One of those age-old ideas “the customer is always right” has always haunted service providers. It is not because service providers want to treat customers anything but nicely, but that the landscape of customer service has moved on from the last few decades, and today’s world is much, much more sophisticated and complex.
The customer today is no longer as loyal as the customers of old. There are many more options to choose from. The economy is no longer robust and sustainable like the old days. There are much more political and sociological factors to consider on both the macro-economic and the micro-economic levels. Loyalty is increasingly transient and fleeting these days.
Therefore, to insist that you can always get your way as a paying customer, would also mean the service provider would have to look at you as a customer, and what you bring to the table. It is a partnership, not slavery. And as partnerships go, it must be an equitable, committed, and mutually beneficial relationship.
The service provider will do his utmost to serve your requirements and professionally, and certainly elevate that to a warm relationship with tenure. Note that tenure is important – you don’t expect a provider to instantly treat you like royalty and know every little nuance of a need you have. That takes time, and that means you have to commit to this partnership and relationship over a long period of time.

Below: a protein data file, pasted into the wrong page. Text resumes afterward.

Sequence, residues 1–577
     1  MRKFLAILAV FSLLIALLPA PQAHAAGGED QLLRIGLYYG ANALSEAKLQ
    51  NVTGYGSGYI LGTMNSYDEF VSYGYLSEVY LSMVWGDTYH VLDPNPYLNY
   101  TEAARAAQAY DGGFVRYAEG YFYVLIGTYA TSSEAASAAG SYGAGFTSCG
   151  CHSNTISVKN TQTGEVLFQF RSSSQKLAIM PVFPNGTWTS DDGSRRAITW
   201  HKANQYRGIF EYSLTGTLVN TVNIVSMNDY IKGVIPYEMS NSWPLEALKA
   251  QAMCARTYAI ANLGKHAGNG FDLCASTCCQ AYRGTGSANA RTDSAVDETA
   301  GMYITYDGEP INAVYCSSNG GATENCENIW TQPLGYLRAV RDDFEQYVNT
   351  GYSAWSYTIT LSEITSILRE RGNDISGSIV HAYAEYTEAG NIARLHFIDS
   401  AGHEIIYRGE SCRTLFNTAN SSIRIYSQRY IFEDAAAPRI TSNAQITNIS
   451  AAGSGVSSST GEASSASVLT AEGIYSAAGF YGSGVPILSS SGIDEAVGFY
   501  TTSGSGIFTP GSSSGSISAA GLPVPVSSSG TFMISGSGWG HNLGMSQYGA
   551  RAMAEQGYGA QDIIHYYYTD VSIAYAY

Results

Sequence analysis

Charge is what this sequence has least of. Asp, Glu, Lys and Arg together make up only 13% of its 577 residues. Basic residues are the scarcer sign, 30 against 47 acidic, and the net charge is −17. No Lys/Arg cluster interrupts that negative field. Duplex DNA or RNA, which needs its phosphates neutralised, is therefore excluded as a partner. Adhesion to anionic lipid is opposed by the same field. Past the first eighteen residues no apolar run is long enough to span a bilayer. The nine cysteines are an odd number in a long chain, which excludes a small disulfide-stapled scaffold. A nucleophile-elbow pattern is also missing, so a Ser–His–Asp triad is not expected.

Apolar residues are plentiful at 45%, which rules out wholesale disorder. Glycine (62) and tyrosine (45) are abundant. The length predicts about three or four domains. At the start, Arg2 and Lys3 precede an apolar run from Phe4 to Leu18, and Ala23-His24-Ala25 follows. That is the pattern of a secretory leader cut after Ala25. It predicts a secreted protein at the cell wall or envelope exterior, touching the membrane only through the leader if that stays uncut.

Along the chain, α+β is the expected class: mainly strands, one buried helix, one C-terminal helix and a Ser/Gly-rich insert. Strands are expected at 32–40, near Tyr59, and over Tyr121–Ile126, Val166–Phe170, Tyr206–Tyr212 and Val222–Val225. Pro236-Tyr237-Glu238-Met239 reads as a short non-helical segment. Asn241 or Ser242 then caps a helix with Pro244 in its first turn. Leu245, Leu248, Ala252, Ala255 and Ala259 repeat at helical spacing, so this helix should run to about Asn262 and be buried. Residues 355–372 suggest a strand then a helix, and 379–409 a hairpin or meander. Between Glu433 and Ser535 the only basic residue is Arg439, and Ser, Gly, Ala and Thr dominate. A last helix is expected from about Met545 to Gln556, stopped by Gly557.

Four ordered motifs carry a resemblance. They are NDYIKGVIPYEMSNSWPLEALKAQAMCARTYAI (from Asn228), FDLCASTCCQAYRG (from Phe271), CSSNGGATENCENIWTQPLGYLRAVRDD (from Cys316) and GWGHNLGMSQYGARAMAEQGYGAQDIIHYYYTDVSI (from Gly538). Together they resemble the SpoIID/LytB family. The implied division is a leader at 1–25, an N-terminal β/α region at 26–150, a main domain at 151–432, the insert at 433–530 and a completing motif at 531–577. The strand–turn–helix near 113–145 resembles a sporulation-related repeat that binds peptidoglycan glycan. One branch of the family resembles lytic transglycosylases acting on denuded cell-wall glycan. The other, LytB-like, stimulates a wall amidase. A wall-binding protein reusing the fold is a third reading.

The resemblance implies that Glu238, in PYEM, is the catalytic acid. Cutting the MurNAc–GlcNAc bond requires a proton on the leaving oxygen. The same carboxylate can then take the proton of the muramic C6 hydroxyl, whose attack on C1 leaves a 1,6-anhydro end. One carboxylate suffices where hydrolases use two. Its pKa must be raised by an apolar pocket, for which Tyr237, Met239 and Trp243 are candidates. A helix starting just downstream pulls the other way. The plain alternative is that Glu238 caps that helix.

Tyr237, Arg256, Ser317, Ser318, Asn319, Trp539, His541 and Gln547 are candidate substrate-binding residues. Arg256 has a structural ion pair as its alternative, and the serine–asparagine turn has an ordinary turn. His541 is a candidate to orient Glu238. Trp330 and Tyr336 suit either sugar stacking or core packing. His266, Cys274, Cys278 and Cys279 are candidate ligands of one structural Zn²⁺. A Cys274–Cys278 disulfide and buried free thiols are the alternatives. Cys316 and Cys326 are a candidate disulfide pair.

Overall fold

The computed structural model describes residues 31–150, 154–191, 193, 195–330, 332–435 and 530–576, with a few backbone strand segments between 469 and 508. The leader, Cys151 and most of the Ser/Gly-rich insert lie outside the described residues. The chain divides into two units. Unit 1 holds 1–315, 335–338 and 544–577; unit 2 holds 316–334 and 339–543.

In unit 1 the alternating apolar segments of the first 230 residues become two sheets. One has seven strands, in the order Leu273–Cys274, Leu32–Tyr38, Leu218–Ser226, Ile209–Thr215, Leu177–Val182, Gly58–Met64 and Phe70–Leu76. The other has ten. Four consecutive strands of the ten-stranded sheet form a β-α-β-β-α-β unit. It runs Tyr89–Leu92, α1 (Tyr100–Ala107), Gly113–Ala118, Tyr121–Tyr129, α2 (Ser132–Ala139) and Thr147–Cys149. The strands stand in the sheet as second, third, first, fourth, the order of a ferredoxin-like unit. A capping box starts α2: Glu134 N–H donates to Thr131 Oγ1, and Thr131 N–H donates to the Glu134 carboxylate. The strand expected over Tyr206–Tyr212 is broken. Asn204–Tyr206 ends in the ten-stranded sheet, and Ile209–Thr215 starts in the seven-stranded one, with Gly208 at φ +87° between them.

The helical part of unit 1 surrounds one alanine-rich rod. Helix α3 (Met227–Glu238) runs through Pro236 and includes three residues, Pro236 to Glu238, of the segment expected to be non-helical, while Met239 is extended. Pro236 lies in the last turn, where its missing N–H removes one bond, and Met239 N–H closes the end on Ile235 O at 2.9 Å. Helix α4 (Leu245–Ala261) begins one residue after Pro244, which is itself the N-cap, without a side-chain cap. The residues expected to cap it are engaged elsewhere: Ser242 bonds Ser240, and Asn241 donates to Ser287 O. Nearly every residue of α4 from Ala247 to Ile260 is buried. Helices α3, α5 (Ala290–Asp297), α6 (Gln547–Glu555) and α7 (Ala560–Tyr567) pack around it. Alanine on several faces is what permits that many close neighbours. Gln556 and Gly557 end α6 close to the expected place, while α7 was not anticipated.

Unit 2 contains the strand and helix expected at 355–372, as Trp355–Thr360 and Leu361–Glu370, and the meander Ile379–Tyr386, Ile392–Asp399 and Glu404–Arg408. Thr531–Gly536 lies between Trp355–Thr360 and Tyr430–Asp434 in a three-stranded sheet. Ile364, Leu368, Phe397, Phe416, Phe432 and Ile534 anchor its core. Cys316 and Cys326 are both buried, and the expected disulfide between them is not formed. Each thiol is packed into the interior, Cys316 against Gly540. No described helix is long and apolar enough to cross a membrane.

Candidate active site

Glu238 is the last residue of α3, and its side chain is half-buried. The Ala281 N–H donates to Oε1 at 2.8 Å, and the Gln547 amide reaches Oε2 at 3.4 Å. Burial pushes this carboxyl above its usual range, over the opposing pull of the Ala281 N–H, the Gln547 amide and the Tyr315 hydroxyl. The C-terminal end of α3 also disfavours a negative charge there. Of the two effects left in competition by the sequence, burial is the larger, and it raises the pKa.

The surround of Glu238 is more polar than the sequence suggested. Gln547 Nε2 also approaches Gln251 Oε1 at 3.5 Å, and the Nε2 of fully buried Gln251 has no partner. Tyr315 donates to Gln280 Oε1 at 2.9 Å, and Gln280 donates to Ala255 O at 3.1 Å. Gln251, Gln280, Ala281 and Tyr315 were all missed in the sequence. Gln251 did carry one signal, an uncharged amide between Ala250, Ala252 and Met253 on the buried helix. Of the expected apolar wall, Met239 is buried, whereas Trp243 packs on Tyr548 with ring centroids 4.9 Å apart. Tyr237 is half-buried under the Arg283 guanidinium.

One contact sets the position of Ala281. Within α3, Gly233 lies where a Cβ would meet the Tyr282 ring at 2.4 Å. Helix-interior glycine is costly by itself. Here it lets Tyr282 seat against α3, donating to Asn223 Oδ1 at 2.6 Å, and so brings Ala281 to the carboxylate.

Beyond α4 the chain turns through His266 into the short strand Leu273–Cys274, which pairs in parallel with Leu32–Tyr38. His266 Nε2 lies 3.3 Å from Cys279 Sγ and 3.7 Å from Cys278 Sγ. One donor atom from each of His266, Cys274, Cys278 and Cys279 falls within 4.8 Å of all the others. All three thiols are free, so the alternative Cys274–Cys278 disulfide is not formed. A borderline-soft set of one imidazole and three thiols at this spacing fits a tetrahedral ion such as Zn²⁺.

From the perspective of a customer, the service provider would also expect equitable remuneration for services rendered and products delivered. If a customer trims remuneration until the service provider can no longer sustain the relationship, then there is no further partnership. If a customer makes unrealistic demands that are not equitable to remuneration, again, it will be difficult to expect such a relationship to last.
It is not impossible to have a perfectly nourished relationship and partnership between a service provider and a paying customer. It takes mutual agreement, mutually beneficial terms (that often means decent remuneration for the service provider on payment terms adhered to), and good manners and professionalism from both sides. And while no commercial relationship can be expected to last forever, both sides can make good on the relationship and treat it with mutual respect as long as it lasts.
Dr Seamus Phan is the Head of Content and CTO at McGallen & Bolden. He is an expert in branding, marketing, communication, leadership training, crisis management, and entrepreneurship. This article may appear concurrently on his blog. Connect on LinkedIn. ©1984-2018 Seamus Phan et al. All rights reserved.